International Journal of Clinical Pharmacy

, Volume 35, Issue 6, pp 1161–1169 | Cite as

Issues potentially affecting quality of life arising from long-term medicines use: a qualitative study

  • Janet KrskaEmail author
  • Charles W. Morecroft
  • Helen Poole
  • Philip H. Rowe
Research Article


Background Polypharmacy is increasing and managing large number of medicines may create a burden for patients. Many patients have negative views of medicines and their use can adversely affect quality of life. No studies have specifically explored the impact of general long-term medicines use on quality of life. Objective To determine the issues which patients taking long-term medicines consider affect their day-to-day lives, including quality of life. Setting Four primary care general practices in North West England Methods Face-to-face interviews with adults living at home, prescribed four or more regular medicines for at least 1 year. Interviewees were identified from primary care medical records and purposively selected to ensure different types of medicines use. Interviews were recorded, transcribed and analysed thematically. Results Twenty-one interviews were conducted and analysed. Patients used an average of 7.8 medicines, 51 % were preventive, 40 % for symptom relief and 9 % treatment. Eight themes emerged: relationships with health professionals, practicalities, information, efficacy, side effects, attitudes, impact and control. Ability to discuss medicines with health professionals varied and many views were coloured by negative experiences, mainly with doctors. All interviewees had developed routines for using multiple medicines, some requiring considerable effort. Few felt able to exert control over medicines routines specified by health professionals. Over half sought additional information about medicines whereas others avoided this, trusting in doctors to guide their medicines use. Patients recognised their inability to assess efficacy for many medicines, notably those used for prophylaxis. All were concerned about possible side effects and some had poor experiences of discussing concerns with doctors. Medicines led to restrictions on social activities and personal life to the extent that, for some, life can revolve around medicines. Conclusion There is a multiplicity and complexity of issues surrounding medicines use, which impact on day-to-day lives for patients with long-term conditions. While most patients adapt to long-term medicines use, others did so at some cost to their quality of life.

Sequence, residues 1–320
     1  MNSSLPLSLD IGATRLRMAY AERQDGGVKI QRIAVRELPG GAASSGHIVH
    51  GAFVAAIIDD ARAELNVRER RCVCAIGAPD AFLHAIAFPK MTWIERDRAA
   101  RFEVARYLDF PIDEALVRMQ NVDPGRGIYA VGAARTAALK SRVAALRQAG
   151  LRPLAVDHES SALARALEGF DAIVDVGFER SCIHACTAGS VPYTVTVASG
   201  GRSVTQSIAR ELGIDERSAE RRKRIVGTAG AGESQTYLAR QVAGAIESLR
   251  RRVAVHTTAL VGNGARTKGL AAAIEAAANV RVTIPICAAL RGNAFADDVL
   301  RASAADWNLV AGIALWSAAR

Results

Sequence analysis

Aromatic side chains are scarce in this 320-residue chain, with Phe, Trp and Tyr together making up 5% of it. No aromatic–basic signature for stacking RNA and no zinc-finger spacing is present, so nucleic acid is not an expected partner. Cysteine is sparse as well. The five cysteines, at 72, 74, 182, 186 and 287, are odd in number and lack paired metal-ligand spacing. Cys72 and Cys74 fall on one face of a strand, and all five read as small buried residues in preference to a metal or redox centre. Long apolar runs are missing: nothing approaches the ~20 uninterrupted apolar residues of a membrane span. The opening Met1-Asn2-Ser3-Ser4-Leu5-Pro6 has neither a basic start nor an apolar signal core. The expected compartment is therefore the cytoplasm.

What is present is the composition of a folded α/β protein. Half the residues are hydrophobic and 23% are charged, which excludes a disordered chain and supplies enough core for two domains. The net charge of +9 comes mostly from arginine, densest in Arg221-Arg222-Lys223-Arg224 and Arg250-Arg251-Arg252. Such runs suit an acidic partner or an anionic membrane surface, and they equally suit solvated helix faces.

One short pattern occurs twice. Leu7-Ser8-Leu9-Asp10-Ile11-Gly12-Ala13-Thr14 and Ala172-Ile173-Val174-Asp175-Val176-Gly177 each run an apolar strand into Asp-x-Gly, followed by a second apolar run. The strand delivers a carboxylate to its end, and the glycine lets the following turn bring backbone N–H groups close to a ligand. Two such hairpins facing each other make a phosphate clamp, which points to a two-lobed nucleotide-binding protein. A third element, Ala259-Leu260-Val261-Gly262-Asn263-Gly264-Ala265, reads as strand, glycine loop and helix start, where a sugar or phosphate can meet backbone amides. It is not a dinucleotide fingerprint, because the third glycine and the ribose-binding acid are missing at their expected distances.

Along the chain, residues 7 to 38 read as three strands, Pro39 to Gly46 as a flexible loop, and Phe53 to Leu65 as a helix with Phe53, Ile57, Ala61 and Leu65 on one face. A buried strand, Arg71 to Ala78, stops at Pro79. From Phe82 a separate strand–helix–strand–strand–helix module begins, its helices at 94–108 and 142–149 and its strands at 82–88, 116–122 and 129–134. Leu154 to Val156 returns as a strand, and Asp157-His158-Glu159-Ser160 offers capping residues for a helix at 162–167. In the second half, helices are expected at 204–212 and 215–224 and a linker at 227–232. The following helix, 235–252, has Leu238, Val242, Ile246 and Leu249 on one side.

England Medication management Patient-centred Pharmaceutical care Quality of life Qualitative research 



Authors are grateful to Helen Roberts who assisted in identifying patients and to Rosie Auckland who conducted the interviews.


The study was funded by Liverpool John Moores University.

Conflicts of interest

The authors have no conflicts of interest to declare.


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Copyright information

© Koninklijke Nederlandse Maatschappij ter bevordering der Pharmacie 2013

Authors and Affiliations

  • Janet Krska
    • 1
    Email author
  • Charles W. Morecroft
    • 2
  • Helen Poole
    • 3
  • Philip H. Rowe
    • 2
  1. 1.School of PharmacyUniversities of Greenwich and KentKentUK
  2. 2.School of Pharmacy and Biomolecular SciencesLiverpool John Moores UniversityLiverpoolUK
  3. 3.School of Natural Sciences and PsychologyLiverpool John Moores UniversityLiverpoolUK

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